When networking a lot of people make the mistake that it's one person who is going to change things, and that one chance encounter with an influential person is going to result in a job.

This can happen, but typically if you have a high-demand skill that can really help them out.

But 80% of the time, making an "ask" on a first encounter is a surefire way to turn someone off (and get sent to their gatekeeper).

Indeed, in this case you were talking to a politician and politicians hate to say "no" in public. But their gatekeepers are aware of this, and are aware of how to manage political capital.

As a teachable moment, it's good to keep in mind that networking and social events like the one you went to are good for building awareness about yourself, and joining the community. If you become a familiar face, but are also doing your own thing and are not attending events purely for the purpose of getting a job, things will start to happen for you.

In short, start doing your own thing that's worth talking about, and then talk about it when you go to networking events.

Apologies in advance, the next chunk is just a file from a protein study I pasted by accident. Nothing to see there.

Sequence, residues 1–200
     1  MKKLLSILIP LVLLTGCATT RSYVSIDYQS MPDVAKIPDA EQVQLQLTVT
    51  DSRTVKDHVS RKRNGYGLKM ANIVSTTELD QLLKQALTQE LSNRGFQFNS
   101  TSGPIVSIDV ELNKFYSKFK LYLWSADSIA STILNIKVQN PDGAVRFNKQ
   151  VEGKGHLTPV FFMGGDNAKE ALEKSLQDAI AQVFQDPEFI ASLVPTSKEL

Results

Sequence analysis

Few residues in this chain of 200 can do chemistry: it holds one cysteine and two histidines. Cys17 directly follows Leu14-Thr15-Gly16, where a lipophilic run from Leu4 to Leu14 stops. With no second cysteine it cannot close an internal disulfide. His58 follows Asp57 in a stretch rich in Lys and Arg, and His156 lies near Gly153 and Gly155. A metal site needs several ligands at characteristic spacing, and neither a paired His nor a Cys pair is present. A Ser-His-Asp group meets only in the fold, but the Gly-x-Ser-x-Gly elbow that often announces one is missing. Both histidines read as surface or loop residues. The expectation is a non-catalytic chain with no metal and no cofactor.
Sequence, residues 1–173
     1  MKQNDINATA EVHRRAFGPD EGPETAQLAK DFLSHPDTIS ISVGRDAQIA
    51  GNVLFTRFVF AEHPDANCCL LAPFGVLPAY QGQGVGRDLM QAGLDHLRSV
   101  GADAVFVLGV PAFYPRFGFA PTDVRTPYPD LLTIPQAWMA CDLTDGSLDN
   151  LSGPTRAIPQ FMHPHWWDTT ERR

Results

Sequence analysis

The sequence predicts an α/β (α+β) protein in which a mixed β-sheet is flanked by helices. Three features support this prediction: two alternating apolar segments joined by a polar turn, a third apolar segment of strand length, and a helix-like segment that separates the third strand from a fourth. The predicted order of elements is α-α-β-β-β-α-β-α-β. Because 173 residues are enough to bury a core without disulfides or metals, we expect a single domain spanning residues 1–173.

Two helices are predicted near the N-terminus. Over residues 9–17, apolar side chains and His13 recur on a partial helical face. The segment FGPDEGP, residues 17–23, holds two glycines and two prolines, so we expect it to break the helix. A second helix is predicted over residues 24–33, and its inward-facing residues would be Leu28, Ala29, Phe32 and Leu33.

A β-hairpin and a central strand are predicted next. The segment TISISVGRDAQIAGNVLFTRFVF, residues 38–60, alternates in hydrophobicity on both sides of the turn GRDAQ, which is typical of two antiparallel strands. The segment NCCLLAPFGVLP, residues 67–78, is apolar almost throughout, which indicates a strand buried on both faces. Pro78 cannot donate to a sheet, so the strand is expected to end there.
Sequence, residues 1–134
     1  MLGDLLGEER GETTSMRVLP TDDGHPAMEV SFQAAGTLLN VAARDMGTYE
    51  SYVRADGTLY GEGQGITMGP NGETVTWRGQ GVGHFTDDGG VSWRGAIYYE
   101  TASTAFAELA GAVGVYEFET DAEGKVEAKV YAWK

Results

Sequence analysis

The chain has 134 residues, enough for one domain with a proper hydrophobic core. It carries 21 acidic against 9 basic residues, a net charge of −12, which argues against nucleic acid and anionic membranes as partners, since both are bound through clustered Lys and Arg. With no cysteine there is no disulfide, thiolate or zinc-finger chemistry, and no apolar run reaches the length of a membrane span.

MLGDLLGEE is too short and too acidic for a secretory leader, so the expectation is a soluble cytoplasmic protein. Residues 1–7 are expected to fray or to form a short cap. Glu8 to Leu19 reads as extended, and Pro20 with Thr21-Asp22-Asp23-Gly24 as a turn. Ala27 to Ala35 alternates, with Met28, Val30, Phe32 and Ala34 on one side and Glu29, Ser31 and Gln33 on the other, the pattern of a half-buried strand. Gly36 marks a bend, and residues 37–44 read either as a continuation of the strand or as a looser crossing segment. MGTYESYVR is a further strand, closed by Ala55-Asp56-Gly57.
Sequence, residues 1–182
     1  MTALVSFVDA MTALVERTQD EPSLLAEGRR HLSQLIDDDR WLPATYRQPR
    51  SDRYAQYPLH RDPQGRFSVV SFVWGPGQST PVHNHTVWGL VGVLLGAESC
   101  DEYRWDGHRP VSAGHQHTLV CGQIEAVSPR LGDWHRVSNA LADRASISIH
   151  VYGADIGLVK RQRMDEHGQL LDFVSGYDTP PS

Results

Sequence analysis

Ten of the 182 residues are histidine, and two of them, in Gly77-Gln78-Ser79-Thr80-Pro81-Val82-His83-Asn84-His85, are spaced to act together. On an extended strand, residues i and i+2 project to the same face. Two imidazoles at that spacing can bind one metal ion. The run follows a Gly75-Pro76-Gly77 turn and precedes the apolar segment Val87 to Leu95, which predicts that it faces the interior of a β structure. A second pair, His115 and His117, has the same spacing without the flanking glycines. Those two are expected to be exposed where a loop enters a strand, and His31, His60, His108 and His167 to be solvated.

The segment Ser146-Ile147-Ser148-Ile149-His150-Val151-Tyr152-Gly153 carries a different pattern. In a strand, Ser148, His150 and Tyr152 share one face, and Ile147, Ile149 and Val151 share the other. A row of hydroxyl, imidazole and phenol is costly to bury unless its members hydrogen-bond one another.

And just forget about meeting that one person who will change everything. It's a huge burden for that person and they will seek the escape hatch.
posted by My Dad at 8:42 AM on April 12, 2016 [10 favorites]


Yeah, you didn't blow it - you tried a cold call and it may or may not be in the process of working.

What have you really got to lose by following up?

I'd agree that a phone call couldn't hurt. Emails are sadly plentiful in my world. As my career has transitioned from being that asshole trying to cold call people to becoming that asshole that isn't returning calls because so many ping me a lot, I can say from both sides of the fence:

- people are indeed getting bombarded.
- they don't really resent you for trying again. They may respond, may not, depending on how high a priority whatever problem you might solve for them is.
- showing some determination should be a plus, not a minus. Presumably if they were to hire you for something you would then become that person who is supposed to be following up on issues or even bugging people to get stuff done. If someone blows their top because you followed up once or twice, trust me, you've lost NOTHING.

Be sure as you approach them that your prepared spiel focuses on *their* pain points, not yours. You sound savvy enough to know this, but for the folks playing along at home:
- no one cares that you need a job.